- You must pay the entire cost of rebuilding your home.
- You must continue to pay your existing mortgage.
- You must pay for ongoing living expenses in another dwelling while the first is rebuilt.
That risk must be balanced against the cost of insuring the home plus your liability for deductibles.
Homeowners in the Gulf Coast states who lacked flood insurance faced similar exposure, and many of them were devastated financially after hurricanes Katrina and Rita.
Before you decide to purchase earthquake insurance, review your home insurance policy and understand what is included and excluded.
Standard homeowners policies exclude damage from earthquakes and floods. Like flood insurance, earthquake coverage can be added through a separate policy, or you can add an earthquake endorsement to your existing homeowners policy.
An earthquake policy will cover repairs to the structure itself, minus your deductible amount, but it won’t cover any hazard that your other insurance policies do. For example, if an earthquake were to rupture a gas line and cause a fire, the homeowners policy would cover the fire damage. Similarly, if the garage collapses and crushes your vehicles, the comprehensive portion of your auto insurance policy would pay.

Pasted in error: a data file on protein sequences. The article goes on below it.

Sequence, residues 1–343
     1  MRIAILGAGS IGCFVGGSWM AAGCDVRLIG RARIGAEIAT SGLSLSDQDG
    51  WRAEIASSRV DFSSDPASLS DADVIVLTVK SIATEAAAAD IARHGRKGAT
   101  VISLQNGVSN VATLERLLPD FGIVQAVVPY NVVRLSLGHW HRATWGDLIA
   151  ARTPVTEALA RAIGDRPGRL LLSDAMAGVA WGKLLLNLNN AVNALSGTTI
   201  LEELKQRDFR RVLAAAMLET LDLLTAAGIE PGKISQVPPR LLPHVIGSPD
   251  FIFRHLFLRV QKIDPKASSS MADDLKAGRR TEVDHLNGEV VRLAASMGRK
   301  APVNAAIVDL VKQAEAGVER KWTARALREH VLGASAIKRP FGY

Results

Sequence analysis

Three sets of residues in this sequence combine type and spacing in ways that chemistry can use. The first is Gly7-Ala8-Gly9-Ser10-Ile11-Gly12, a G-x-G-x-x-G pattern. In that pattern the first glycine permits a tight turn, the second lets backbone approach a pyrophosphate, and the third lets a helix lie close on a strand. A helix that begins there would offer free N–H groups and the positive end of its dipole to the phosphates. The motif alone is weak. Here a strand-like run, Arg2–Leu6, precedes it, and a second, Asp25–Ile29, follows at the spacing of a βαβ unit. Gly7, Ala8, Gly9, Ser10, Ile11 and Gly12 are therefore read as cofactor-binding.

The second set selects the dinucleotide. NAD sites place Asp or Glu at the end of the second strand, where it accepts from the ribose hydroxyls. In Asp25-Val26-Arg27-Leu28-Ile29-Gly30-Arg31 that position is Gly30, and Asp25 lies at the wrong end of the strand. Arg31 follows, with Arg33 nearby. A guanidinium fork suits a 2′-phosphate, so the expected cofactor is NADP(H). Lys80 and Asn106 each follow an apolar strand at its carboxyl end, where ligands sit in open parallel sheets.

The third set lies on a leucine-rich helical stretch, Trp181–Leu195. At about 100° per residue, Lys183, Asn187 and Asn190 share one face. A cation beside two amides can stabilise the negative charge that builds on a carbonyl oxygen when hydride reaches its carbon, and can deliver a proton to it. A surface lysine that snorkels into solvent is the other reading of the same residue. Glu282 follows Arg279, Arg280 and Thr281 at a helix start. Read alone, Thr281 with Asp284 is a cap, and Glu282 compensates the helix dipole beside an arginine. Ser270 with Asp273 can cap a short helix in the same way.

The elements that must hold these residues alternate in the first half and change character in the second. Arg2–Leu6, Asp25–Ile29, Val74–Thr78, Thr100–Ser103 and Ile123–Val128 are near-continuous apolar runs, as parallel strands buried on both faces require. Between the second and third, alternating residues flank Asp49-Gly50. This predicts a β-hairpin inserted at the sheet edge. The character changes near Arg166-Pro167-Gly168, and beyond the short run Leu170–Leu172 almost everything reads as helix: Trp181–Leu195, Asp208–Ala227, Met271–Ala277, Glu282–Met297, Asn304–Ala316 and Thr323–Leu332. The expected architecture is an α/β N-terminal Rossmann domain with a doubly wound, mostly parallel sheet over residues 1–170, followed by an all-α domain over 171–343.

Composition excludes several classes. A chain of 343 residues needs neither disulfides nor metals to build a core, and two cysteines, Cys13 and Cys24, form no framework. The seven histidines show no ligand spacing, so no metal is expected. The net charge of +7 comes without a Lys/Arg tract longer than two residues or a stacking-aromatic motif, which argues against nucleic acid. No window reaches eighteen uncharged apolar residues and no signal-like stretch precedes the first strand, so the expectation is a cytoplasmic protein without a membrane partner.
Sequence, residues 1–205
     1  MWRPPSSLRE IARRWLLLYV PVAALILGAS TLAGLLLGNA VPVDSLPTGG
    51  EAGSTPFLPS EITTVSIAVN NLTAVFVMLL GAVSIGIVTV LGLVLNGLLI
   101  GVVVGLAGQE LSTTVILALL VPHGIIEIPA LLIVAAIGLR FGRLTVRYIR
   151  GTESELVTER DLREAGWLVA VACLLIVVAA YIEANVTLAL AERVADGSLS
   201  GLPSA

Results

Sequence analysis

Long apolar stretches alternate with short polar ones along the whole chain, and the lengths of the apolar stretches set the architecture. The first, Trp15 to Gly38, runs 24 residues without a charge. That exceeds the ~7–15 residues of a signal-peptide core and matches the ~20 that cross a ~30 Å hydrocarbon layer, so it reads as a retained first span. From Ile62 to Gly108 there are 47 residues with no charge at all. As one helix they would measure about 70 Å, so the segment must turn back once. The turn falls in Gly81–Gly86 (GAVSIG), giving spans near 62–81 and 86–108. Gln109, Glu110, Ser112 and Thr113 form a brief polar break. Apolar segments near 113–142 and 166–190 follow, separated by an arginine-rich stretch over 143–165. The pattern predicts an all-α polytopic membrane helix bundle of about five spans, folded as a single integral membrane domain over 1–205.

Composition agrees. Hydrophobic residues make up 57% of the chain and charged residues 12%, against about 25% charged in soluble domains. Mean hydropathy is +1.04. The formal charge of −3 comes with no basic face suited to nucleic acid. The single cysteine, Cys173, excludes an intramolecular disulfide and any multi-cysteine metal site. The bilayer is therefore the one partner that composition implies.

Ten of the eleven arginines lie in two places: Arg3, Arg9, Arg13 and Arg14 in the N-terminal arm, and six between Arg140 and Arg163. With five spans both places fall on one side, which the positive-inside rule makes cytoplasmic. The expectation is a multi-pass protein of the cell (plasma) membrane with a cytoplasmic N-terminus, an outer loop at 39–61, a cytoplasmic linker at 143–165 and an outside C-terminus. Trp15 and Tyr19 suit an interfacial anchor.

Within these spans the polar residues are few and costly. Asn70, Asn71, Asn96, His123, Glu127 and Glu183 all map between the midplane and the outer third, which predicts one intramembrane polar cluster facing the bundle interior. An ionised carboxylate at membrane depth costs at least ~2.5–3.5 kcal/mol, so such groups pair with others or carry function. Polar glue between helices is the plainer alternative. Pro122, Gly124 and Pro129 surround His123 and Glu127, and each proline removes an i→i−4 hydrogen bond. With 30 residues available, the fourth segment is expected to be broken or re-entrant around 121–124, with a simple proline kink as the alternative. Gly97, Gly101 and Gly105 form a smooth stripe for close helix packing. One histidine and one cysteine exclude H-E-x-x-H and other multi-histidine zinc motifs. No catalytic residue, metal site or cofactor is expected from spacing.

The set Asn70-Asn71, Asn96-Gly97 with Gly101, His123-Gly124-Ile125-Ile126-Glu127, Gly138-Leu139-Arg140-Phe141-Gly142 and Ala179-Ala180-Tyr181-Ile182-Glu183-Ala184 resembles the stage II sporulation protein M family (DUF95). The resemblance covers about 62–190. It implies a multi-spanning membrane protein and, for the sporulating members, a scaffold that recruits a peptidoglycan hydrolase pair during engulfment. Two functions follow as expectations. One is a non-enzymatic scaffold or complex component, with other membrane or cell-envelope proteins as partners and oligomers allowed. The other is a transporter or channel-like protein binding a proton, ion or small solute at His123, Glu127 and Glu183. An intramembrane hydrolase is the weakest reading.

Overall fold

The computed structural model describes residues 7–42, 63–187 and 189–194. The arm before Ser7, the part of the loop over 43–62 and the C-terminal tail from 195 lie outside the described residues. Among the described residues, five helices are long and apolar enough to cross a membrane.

Earthquake policies can differ from company to company and state to state. Some may interpret even the word “earthquake” differently.
“What is an earthquake? That is one of those things that you need to define,” says Jack Taylor, Joseph S. Bruno Professor of Retailing at Birmingham – Southern College in Alabama, noting earth movements such as sinkholes, landslides, and eruptions are types of earthquakes that may be covered – or not – in an earthquake insurance policy. “Earthquakes can be created by nature or by man.”
Some features in earthquake insurance policies may be optional. Ask your agent:
- What types of earth movements (earthquakes, sinkholes or landslides) are covered? Are man-caused quakes covered?
- Will the policy cover the cost to stabilize land beneath the home?
- Does your coverage include replacing the structure, contents and landscaping and outdoor items such as swimming pools, hot tubs or fences?
- Are alternative living costs covered if your home is not inhabitable?